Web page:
In 1898, the Nation took over the expense of providing the books for all the neighborhood schools.63 The Nation was continuing the practice of allowing from eight to ten dollars each month for all children in the Nation attending school; much of the legislation was concerned with appropriations covering this expense. The teachers kept reports of all children and the homes in which they lived, and their school attendance, which were turned over to the trustee and by him were sent to the superintendent; proper appropriation was then made by the Legislature. The report of the Pauls Valley National School from November to January 1898, lists A. L. Barr as Trustee and Bessie Welch as teacher with twenty pupils in attendance, all boarding with their parents except two, who were boarded with the trustees.64
The old buildings at Bloomfield which burned were replaced by a fourteen thousand dollar brick or stone building in 1898,
under the superintendency of J. S. Maytubby; the same year, E. B. Hinshaw was given the contract for its operation, and Holmes Colbert was made trustee.65 The second quarterly report lists the following subjects taught: spelling, reading, writing, arithmetic, geography, English grammar, United States History, physiology, physical geography, rhetoric, civil government, natural philosophy, bookkeeping, general history, chemistry, algebra, geometry, English and American literature, Latin, Caesar, astronomy, and elocution. The teachers of this year included, beside Hinshaw, the contractor, Alice Hearrell, Dora Matlock, and Kate Biggs.66
During Hinshaw's administration the fine arts were especially stressed and work from the art department was part of the Indian Territory exhibit at the Louisiana Purchase Exposition at St. Louis, in 1904, where it received a high award. Hinshaw retained control of Bloomfield until the end of the tribal government. In March, 1906, one of the closing acts of the National Legislature was the enactment of a statute donating the library of Bloomfield to him.67
After the sale of the old building of the Chickasaw Manual Labor Academy in 1889, the name ceases to appear and "Harley Institute" takes its place in all National and Federal records. Joe Kemp became the contractor for this school in 1892, but was succeeded in 1898, by S. M. White, the son-in-law of Governor Cyrus Harris. White continued to contract for the school until its expiration, prior to statehood.68
The moral tone of Harley Institute was manifestly very high from the following petition:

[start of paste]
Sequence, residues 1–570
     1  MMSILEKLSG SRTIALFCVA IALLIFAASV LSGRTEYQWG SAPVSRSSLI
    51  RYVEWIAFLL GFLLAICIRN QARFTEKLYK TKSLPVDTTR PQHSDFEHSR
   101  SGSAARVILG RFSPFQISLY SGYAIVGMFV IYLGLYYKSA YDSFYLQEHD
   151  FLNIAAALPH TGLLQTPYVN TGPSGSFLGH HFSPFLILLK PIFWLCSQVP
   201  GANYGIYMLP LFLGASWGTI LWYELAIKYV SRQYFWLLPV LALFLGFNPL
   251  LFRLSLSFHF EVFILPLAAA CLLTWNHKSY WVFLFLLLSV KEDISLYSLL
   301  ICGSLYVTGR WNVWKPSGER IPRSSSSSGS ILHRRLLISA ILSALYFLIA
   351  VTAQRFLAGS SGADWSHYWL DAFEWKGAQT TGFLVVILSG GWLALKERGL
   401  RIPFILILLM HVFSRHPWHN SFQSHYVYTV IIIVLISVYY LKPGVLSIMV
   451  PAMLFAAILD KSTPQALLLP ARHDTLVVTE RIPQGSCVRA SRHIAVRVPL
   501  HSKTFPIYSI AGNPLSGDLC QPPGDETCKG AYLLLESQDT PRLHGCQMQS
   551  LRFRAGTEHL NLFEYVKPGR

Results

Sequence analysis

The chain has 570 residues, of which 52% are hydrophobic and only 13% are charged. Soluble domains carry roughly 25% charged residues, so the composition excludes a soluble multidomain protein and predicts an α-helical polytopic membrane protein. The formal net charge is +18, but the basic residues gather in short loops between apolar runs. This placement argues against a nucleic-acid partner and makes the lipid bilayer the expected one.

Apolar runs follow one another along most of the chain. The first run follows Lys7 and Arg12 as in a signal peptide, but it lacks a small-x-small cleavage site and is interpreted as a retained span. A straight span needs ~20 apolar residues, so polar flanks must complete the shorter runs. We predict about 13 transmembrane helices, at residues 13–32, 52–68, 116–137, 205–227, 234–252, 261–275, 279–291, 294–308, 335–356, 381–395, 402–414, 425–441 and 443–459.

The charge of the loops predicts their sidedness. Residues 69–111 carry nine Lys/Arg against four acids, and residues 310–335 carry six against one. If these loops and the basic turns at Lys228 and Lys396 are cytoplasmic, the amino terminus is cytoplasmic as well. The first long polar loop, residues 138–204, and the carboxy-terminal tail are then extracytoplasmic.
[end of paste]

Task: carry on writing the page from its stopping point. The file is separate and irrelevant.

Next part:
September 25, 1900. To the Hon. Senators and Representatives, of the Legislature of the Chickasaw Nation:
We, the undersigned members, and students of The Harley Institute, do most respectfully petition your honorable body to pass a law prohibiting the attendance upon this
institution of any and all students who use or smoke cigarettes, who shall not quit and abstain from the use of the same, while in school within ten days from the passage, and approval of said law.
The legislature's reply to this was the introduction of an act prohibiting the use of cigarettes at Harley Institute, in case of failure to be enforced by expulsion within ten days. Compulsory reading of the bill before the student body was written into the bill; special provision, however, was made that in no way would this prohibit the smoking of a pipe.70 Special emphasis appears to have been placed upon sanitation at Harley Institute, as the following was written into the contract in 1898:
To furnish pupils each day with three well-cooked meals, arranged on the table, supplied with clean clothes, napkins, neat tableware of white stone and glass....(also) to furnish pupils with clean and comfortable bedding and bathing facilities, towels, soap, and hair and clothes brushes;...the clothes of the pupils to be neatly washed, ironed, and mended. And to do all necessary to maintain neatness in the surrounding and enforce cleanliness of persons in the pupils.71
By an act of the legislature in 1890, signed by William L. Byrd, then Govenor, Wapanucka Academy became a boys' school, and William H. Jackson was given the contract with the school during the years of 1892 to 1897. In 1901, the school buildings were condemned as unsafe, and the Academy was closed for two years. In 1903, it was repaired at a cost of four thousand dollars and the superintendency was let to Dr. J. L. Thomas. The school was closed sometime prior to statehood.72
Collins' Institute, the successor of Colbert Institute, was, in 1896, placed under the contract of Superintendent Wood Smith, who was followed in 1897 by W. H. Jackson. The only report of a general vaccination's being given to any school is found in the
69Document, 8545 (Petition to Legislature signed by 63 students of Harley Institute, September 25, 1900).
documents concerning this one. In 1901, by an Act of the Legislature, an appropriation was made of thirty-five dollars to compensate Dr. George H. Truax for vaccinating thirty-five pupils, at the rate of one dollar per child. In 1902, a contract was made with Amos R. White to maintain Collins' Institute for a period of four years; included with this contract was another empowering him to have the school repaired.73 The last document found concerning the school is an order for the removal of intruders from the reservation of the school.74